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While the United Nations buildings stand on international territory, that did not mean delegates were immune from the machinations of United States politics.
Donald Trump’s travel ban on Muslim-majority countries, and his planned budget cuts to social services and the United Nations, provided the political backdrop for the 61st Commission on the Status of Women.
There was an undercurrent of unease, given the new US president’s policies of populism, prejudice and marginalisation, and rhetoric around terrorism and "building the wall".
Security was tight everywhere. Getting through airport customs and border protection was time-consuming and anxiety-provoking. Even though I wasn’t working as a journalist at the commission, but was attending as a delegate, I was nonetheless anxious, feeling I could be subject to scrutiny as one of the loathsome "fake news" brigade. (It turned out I wasn’t the only one.) I considered myself fortunate, however. In a long long line of many hundreds at immigration, I was one of the few blonde, blue-eyed, white-skinned females in a sea of Asian, Middle Eastern and African faces. Others were clearly far more nervous than I was about their prospects of a smooth entry.
It turned out long queues, removal of coats, hats, bags (and sometimes shoes) and full body scanning was the norm once entry was finally granted, too. This was the case at the United Nations and any city tourist attraction. The lines and herding felt dehumanising, but I was surprised by how polite and respectful security staff were and how co-operative and understanding the public was. Stripping off your outer layers as you entered a building became routine.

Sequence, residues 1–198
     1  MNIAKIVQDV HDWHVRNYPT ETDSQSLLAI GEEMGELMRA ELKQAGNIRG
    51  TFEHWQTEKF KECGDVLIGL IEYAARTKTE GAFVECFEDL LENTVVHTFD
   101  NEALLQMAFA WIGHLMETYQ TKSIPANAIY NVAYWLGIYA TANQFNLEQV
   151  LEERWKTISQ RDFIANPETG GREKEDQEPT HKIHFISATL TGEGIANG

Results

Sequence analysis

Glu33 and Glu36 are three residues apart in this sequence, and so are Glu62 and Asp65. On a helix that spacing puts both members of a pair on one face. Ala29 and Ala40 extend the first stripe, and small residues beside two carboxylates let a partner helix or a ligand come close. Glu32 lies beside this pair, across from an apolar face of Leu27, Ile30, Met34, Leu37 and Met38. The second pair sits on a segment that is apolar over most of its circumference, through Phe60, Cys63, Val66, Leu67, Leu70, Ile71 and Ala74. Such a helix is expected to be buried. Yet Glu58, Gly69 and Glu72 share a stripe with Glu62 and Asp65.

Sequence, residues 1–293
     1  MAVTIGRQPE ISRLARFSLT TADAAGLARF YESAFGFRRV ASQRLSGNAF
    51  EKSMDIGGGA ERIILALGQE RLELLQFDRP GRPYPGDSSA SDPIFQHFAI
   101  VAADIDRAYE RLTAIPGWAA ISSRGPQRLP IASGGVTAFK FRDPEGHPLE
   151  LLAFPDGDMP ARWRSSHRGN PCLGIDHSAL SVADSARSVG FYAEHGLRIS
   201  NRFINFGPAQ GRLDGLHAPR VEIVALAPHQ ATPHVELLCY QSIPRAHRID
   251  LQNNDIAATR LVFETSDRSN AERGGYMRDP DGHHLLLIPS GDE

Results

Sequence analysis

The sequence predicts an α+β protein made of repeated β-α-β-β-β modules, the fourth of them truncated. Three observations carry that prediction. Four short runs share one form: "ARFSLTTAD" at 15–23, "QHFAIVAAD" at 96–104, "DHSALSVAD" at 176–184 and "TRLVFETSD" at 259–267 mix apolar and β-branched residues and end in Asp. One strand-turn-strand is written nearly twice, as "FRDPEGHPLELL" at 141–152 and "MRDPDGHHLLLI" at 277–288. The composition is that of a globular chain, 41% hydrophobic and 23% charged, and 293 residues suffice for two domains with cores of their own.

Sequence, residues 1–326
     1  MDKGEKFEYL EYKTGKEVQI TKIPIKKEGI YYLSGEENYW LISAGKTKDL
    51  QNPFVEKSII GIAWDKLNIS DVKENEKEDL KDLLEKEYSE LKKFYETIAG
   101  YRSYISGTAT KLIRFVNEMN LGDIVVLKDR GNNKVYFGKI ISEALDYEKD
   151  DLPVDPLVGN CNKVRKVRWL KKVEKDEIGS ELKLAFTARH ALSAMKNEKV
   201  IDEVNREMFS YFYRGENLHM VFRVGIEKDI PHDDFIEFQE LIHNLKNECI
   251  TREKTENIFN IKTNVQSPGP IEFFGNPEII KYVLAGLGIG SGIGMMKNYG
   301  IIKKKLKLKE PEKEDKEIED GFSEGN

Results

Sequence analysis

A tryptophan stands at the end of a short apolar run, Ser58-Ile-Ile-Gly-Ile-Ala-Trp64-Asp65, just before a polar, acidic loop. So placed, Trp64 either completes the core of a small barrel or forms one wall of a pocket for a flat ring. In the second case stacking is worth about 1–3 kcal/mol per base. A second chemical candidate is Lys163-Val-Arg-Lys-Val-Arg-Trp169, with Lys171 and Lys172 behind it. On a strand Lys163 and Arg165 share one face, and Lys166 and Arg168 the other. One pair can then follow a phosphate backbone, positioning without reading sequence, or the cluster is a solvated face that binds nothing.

Trump’s bans had been deemed illegal, but they were having an effect. The United Nations is on international territory, but some commission delegates had been denied visas to enter the US, and some organisations declined to participate in solidarity. At many NGO-run parallel events, symbolic empty chairs were used to denote absent voices; at others, women were told to let the official photographers know if they did not wish their photos to be taken for safety reasons.
At an NGO parallel event titled "No borders on gender justice", which looked at how to counter the policies of xenophobia, the message was clear: "This is not like any other CSW: it is not business as usual."
Delegates were told they had a responsibility to hold the Trump administration to account for its "anti-migrant, anti-Muslim, anti-refugee" policies.
In the most powerful part of the session, statements were read by audience members from women who could not attend because of the travel ban.
We heard on behalf of a Guatemalan woman how the policies had "created a climate of fear and exclusion". An Iraqi woman’s message was about the "worsening conditions for groups in Iraq as a result of Western military intervention". She also made a plea: "Do not let the racist cries from Donald Trump affect you. Do not forget us. We are victims, we are not terrorists."
A message from a Sudanese human rights defender was read by a woman from Iran, who said her countrywomen had also been affected by the ban. That message? That "women are the main victims of conflict and terrorism".
An open letter from Mena (Middle East and North Africa) women acted as a reminder of the fundamental rights being breached.
It read: "The ban is an offence against the United Nations imposed by an administration that doesn’t recognise its obligations for civil society".
At one event, a Somali woman got a round of applause when she said she was from one of the countries banned from entry "but I made it".
At other sessions, Mexican immigrants and now long-term US residents told of their fears. One speaker explained how her family was still marginalised despite the fact her Mexican immigrant parents had raised five children on the minimum wage who were deemed successful citizens by any standard: a Stanford business school graduate, two entrepreneurs, a police officer and a war veteran. She then explained how undocumented migrants are allowed to serve in the US armed forces, but are then deported.